On Monday, 30 September 2019, a team of special envoys dispatched to some African capitals to ease the tension caused by xenophobic attacks, delivered their report to President Cyril Ramaphosa.
According to the high office, the mission’s main aim to the capitals was to deliver Ramaphosa’s message of solidarity to fellow African leaders whose nationals were caught up in the bloody violent attacks unleashed on them by South Africans earlier this month.
Some 12 people died in the saga, two foreigners and ten South Africans, according to the South African police.
Dozens of other foreigners were wounded and their property stolen or damaged, while hundreds of Nigerians, Zimbabweans, Mozambicans and Malawians fled South Africa with the assistance of their governments and the host government.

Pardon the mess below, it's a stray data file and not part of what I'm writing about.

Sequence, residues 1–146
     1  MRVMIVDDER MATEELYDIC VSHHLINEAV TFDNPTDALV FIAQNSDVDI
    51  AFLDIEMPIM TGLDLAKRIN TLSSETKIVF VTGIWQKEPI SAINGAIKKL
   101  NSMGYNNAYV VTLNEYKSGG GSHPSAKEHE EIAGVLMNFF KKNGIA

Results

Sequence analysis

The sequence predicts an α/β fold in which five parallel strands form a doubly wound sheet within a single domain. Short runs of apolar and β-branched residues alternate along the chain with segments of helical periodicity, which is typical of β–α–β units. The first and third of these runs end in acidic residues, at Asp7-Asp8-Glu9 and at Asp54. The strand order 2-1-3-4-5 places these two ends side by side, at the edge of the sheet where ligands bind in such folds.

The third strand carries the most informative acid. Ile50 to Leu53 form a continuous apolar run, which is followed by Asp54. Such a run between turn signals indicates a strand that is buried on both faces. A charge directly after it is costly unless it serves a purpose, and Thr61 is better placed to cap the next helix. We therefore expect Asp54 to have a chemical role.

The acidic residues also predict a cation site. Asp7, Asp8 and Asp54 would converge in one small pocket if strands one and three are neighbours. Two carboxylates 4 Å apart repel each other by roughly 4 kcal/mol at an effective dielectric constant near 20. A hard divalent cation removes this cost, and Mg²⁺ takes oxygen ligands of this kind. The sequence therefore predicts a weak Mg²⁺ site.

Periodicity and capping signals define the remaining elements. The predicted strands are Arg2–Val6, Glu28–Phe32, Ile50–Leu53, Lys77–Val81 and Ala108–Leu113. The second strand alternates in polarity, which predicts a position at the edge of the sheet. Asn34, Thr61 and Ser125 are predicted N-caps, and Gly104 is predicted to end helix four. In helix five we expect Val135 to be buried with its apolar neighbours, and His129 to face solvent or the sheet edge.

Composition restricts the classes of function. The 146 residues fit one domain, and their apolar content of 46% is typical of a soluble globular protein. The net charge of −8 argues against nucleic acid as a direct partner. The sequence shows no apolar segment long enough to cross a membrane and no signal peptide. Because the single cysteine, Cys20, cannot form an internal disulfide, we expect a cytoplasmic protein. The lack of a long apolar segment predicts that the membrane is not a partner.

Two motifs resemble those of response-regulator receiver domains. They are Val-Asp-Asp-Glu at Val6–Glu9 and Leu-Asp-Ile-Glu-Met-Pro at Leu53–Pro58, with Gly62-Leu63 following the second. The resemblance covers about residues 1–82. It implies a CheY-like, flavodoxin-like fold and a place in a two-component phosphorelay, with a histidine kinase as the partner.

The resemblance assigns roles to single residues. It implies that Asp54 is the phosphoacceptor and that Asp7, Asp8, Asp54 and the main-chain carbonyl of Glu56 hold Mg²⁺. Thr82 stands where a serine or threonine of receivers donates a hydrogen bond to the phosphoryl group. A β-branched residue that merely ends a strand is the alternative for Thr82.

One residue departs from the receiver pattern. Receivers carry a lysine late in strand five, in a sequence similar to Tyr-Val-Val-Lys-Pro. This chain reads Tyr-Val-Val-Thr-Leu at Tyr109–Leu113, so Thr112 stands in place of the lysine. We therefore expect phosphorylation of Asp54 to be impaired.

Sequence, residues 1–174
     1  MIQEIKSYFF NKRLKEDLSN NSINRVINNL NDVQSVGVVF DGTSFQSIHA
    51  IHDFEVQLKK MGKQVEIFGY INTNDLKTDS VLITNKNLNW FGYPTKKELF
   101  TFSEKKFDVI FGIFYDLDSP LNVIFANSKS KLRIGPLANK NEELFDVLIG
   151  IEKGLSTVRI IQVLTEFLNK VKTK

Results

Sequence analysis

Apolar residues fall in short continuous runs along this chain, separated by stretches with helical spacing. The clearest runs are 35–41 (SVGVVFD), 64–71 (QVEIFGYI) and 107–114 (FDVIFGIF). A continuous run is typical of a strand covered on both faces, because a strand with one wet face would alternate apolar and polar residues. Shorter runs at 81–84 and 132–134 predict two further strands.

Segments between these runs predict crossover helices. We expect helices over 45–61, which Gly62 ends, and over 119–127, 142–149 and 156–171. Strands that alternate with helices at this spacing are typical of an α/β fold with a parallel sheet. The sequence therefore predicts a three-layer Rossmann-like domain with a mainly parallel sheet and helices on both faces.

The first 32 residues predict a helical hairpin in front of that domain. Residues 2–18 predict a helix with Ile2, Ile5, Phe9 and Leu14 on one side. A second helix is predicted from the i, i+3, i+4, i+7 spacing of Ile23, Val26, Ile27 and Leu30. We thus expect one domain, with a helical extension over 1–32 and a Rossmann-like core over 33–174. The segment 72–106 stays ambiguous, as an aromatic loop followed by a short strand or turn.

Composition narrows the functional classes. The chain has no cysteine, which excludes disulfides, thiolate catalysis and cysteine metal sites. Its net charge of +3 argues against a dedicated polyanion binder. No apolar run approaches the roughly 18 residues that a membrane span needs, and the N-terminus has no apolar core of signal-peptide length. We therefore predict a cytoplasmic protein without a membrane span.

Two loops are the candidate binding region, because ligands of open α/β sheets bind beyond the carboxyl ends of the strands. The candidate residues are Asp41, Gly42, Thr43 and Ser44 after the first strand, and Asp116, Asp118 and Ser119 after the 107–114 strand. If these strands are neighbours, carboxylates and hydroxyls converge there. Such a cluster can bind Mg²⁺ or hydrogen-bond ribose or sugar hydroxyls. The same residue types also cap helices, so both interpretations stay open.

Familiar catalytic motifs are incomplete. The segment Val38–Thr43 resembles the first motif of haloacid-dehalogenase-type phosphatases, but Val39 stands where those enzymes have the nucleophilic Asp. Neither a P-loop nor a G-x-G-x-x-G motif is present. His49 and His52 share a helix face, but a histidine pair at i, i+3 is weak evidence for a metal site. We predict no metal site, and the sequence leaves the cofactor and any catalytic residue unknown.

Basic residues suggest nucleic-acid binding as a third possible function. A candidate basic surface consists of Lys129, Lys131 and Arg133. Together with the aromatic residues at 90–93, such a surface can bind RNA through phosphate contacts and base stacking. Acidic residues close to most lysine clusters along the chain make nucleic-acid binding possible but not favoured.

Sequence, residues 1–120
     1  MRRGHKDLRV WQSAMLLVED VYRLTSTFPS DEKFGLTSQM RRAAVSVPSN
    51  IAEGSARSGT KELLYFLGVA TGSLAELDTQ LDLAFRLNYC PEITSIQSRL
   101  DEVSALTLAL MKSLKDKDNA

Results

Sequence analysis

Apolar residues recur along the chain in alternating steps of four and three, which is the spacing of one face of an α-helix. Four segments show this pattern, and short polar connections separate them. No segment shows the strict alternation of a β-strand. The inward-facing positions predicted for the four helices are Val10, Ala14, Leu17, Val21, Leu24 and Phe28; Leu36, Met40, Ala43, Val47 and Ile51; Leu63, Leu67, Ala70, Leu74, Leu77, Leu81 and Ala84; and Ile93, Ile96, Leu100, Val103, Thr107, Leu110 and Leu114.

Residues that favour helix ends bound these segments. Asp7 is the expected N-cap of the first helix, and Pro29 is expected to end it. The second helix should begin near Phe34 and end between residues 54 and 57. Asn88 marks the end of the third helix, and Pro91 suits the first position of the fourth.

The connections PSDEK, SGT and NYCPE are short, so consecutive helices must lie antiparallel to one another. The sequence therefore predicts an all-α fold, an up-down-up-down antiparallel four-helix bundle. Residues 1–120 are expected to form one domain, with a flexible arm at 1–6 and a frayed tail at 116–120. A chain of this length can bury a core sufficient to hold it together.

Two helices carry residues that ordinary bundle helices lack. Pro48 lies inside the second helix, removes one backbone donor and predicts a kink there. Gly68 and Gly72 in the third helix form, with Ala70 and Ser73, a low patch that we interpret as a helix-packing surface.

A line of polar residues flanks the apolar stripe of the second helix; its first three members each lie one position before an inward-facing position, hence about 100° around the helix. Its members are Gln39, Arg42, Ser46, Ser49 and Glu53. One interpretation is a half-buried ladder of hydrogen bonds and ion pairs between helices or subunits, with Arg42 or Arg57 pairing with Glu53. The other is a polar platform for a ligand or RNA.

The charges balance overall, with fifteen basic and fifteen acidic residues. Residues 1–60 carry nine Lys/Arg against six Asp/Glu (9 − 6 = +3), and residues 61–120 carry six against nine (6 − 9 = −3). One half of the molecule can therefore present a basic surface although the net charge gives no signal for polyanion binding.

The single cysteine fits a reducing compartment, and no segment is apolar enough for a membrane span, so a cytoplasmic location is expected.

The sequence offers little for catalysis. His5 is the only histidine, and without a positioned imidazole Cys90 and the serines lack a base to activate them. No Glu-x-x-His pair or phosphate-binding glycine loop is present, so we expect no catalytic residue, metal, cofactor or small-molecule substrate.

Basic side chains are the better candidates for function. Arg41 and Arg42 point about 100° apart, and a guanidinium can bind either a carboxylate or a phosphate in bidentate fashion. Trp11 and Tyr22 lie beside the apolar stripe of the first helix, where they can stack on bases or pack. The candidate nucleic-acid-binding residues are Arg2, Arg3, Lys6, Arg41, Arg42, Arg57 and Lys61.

Despite South Africa apologising for the mayhem, Pretoria received disapproval from its fellow economic powerhouse, Nigeria, whose citizens embarked on revenge attacks of South African businesses like MTN.
Comprising former Justice Minister Jeff Radebe and the President’s Special Advisor on International Relations, Khulu Mbatha, the envoys visited several West African states in mid-September to cool the tempers down over the xenophobic attacks.
Ramaphosa “has expressed his sincere appreciation for the generosity of spirit” with which leaders of Nigeria, Ghana, Senegal and Niger received the envoys and his message to them, the presidency said.
The mission took place after Ramaphosa had made preliminary public apologies on behalf of his violent nationals for terrorising fellow Africans — whose only crime was to take up lowly-paid jobs, the very jobs typically rejected by the South Africans themselves.